The old lady frightened me.
Every neighborhood seems to have an old man or woman who lives on the block, inhabiting the deep confines of their yards, possibly boiling brews but just as likely concocting evil to visit on curious neighborhood children. There are stories about these people, passed in whispers at recess and on school buses, sometimes about quiet murders behind closed doors, other times of old secrets and mysterious pasts, but every story has the same foundation: they are dangerous and wicked and will not let you pass their house unharmed. We of the children of the neighborhood watch always know which house to stay away from.
We lived right next door to ours.
She was an old bat, quiet but somehow angry, like the world had let her down in some deeply unforgiveable way. She never shouted “get off my lawn” while angrily waving her trowel in the air, but then she didn’t need to. A deep green hedge, made up entirely of pine and nearly as tall as my house, enshrouded her yard in the same foreboding mystery that windows with always closed curtains do. On our side of the property a red fence stood sentry, splintered and falling apart, barely able to contain the needles and branches trying to break its hold.
Together they hid one of the most beautiful gardens I have ever seen. Full of deep colors, a muffled sense of privacy, it felt like walking into a secret. And I was lucky enough to discover it because of the goose.
The only inviting thing about her was her white, slickly feathered pet. It came up to my waist, a loud honking thing with a beak full of very small, very sharp teeth. I was always quietly sure, letting the goose nibble at my fingertips, that I was about to lose a finger. It scared me as much as it thrilled me, because knowing someone who owned a goose was a novelty, good for boasting about at school and worth the trip into her backyard. It wandered her garden, breaking the stillness with its unconcerned honking.
Somehow that made the old woman next door more real, more prone to saying “yes” when we asked to come over. My older sister was in charge of all requests back then, so I didn’t have to worry about talking to her, or making eye contact. She didn’t seem so bad once we’d made it past the hedge, more someone’s grandma and less Hansel-and-Gretel-who’s-that-nibbling-at-my-house witch. Outside of her backyard she reverted to a dark presence, hidden behind her hedge. But surrounded by her bursting flower bushes, she was just an old gardener. Visits felt like tea parties with a duchess, she dignified on her white patio furniture, my sister and I dressed in our summer dresses. We’d pet the slick feathers on the back of the goose’s neck, storing up details for our friends.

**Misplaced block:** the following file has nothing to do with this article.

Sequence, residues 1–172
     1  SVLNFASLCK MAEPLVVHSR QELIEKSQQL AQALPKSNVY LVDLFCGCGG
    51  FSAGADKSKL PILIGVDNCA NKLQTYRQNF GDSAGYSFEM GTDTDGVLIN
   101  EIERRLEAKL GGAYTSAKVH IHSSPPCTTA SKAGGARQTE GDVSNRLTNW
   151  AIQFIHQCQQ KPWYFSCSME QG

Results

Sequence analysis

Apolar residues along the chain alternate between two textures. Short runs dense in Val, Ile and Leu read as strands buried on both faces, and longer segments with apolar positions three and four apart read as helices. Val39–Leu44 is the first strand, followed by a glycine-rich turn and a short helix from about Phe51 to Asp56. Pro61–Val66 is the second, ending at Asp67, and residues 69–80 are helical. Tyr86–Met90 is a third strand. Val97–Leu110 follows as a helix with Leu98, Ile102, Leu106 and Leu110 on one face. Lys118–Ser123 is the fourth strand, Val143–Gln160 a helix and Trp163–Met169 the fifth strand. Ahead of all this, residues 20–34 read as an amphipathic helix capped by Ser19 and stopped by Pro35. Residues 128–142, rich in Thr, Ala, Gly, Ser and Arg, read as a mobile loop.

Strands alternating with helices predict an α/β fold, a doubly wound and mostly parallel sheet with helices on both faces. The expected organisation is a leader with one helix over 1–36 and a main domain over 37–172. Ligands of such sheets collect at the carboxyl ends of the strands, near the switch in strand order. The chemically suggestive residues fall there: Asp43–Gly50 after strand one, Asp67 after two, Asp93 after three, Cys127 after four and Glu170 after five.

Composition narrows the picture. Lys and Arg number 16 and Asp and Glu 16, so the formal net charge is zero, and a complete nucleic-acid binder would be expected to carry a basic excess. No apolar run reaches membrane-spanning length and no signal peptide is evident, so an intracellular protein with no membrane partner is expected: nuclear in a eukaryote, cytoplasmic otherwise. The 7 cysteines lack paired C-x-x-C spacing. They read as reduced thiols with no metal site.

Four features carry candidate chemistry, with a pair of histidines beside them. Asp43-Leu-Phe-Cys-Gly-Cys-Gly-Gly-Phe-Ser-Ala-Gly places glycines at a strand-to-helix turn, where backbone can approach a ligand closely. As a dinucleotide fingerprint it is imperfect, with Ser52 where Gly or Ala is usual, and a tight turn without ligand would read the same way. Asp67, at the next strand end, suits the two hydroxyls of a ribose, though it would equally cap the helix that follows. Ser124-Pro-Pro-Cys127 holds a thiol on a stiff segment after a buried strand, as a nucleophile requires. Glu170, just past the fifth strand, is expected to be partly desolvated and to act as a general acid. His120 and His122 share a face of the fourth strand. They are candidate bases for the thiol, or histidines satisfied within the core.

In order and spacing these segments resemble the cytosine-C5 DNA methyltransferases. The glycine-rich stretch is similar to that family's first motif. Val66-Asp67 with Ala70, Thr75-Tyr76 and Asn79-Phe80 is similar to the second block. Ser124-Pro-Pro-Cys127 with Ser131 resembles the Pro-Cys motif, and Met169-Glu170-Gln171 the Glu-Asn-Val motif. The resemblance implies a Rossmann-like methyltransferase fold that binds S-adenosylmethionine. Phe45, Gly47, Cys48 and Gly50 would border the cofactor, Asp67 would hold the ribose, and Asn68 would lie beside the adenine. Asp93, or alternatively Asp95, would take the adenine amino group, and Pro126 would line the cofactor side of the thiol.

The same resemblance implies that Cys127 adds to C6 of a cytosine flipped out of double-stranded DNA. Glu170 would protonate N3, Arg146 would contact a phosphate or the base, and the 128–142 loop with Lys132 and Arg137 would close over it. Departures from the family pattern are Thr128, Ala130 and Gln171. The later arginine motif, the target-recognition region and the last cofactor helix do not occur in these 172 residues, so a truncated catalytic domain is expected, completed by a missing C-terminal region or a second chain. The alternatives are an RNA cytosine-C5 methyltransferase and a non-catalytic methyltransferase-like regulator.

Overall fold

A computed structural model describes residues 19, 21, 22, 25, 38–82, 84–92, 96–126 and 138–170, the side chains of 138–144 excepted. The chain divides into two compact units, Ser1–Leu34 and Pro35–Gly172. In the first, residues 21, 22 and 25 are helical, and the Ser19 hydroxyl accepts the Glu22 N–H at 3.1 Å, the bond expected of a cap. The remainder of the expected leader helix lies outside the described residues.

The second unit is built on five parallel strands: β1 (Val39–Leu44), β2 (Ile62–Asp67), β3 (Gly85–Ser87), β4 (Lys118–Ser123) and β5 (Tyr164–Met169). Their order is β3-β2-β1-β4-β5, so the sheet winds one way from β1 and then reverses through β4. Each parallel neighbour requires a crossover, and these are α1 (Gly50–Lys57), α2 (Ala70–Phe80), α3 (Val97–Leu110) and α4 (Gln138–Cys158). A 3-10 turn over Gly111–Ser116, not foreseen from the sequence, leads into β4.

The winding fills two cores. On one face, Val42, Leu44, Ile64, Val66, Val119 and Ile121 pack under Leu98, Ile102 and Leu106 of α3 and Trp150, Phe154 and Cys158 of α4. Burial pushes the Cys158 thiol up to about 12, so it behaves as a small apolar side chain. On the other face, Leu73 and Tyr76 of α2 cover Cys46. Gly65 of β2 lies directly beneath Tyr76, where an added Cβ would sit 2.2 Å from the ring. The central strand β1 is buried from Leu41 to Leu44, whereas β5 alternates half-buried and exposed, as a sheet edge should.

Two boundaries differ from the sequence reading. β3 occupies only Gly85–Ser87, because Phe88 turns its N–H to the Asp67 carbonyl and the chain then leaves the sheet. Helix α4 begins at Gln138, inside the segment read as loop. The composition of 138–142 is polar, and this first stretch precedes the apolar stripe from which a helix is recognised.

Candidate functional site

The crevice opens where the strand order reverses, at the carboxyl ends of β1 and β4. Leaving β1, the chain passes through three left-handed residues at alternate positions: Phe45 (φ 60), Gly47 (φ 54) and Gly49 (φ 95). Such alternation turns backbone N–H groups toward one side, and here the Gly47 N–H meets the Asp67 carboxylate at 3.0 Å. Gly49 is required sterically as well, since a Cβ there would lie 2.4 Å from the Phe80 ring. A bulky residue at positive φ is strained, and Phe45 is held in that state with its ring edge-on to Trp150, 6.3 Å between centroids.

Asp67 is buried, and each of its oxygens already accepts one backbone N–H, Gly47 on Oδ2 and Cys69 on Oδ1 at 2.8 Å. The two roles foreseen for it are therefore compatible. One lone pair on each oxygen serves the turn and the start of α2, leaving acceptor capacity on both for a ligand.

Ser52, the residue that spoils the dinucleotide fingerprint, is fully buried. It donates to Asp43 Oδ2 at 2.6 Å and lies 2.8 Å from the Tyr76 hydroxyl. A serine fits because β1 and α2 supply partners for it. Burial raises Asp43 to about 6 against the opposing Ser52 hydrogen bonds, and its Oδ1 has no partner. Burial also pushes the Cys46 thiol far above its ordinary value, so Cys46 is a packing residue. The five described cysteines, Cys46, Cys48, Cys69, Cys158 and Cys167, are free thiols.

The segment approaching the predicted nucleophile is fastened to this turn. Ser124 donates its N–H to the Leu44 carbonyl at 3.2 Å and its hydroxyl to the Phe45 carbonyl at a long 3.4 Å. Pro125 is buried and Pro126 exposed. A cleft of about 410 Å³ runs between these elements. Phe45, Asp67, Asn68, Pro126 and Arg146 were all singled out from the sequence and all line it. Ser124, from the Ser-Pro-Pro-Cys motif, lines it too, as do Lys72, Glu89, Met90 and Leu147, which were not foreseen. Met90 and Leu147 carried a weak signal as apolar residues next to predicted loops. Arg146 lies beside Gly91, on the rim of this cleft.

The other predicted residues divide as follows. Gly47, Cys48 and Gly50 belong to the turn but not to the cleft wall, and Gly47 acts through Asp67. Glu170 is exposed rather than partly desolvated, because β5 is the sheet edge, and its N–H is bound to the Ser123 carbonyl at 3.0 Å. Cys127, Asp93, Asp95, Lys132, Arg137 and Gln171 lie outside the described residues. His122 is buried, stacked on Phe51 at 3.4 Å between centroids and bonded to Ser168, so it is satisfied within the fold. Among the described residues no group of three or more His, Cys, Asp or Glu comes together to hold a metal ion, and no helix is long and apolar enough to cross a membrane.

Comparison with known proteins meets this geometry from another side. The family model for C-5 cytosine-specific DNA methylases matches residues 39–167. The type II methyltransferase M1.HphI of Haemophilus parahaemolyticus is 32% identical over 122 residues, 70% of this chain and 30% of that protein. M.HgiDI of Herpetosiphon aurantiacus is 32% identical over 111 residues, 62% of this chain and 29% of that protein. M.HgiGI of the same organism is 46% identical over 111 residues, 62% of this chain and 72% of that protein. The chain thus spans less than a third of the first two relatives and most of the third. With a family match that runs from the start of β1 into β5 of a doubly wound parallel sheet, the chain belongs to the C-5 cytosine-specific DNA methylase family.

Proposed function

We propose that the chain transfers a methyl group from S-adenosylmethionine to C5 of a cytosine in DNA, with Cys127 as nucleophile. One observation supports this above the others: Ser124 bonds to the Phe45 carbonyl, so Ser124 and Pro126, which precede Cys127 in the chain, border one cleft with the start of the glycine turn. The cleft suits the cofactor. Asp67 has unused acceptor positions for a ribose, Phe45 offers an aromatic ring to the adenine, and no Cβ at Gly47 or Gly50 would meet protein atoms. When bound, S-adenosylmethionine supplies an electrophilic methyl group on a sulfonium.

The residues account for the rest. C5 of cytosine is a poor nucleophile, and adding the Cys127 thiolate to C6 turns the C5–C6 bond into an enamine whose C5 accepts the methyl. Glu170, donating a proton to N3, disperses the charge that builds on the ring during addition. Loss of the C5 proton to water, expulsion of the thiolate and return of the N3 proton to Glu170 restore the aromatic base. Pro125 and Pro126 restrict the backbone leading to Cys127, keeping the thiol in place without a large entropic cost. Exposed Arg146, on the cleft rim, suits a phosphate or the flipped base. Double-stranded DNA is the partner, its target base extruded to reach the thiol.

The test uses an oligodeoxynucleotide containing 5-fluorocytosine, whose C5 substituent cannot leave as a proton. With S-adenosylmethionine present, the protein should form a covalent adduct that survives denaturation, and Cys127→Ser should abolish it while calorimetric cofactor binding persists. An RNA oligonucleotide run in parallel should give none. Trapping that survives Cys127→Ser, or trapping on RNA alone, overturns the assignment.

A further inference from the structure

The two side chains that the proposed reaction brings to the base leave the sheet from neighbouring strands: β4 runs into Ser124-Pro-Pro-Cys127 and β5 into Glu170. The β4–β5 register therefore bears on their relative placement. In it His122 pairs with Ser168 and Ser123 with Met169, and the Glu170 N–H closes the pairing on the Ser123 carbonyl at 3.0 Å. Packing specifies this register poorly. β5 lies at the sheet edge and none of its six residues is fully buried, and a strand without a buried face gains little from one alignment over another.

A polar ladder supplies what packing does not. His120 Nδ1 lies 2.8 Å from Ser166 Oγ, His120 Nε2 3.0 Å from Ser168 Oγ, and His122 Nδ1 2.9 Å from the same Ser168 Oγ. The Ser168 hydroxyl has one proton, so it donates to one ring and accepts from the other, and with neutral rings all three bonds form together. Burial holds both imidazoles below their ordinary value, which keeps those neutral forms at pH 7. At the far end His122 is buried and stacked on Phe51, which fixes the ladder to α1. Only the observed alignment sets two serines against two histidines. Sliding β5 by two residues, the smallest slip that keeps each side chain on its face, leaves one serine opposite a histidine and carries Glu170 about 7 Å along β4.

The goose died. The visits stopped.
I saw her a few times after that. Once, when she ventured onto our side of the property line to prune the hedge. Another time when I was helping Dad scrape the snow off our roof. I could see into her yard and I caught a glimpse of a figure in her window. Her severe voice sometimes broke the evening, cracking out at the yippy, unfriendly dogs she’d bought in place of the goose.
Somewhere along the line I grew up. There were no secrets, no gruesome murders, no Hansel and Gretel witches; just a woman in her garden. Her presence lost its power and her two shih tzus, though evil, could be counted on for a laugh, leaping out of gaps at the bottom of the hedge at unsuspecting passersby. On late summer evenings, after I was supposed to be in bed, I’d peak out of my bedroom curtains as soon as I heard someone about to walk by her house, because the nasty little things were always good for a jump-scare. I was too old to be afraid of the boogeyman.
Nearly ten years ago I came back to my old hometown for a visit, dragged along by my parents and wondering when the streets had gotten so small. Eventually we made it out to our old house, and I stood on the driveway feeling my heart break because it wasn’t ours anymore. The woman living there had ruined it. My house had lost its magic, my room was filled with junk, and the stories we’d told as children felt less real, more childish.
I walked along the hedge as my parents talked. The red fence was gone, replaced with cold chain link, and I trailed my fingers along the metal to see how it would feel.
Two dogs leapt out at me from the hedge, yapping wildly, and I jumped back, startled.
“Hush,” I heard her snap through the fence.
And I still didn’t dare come over.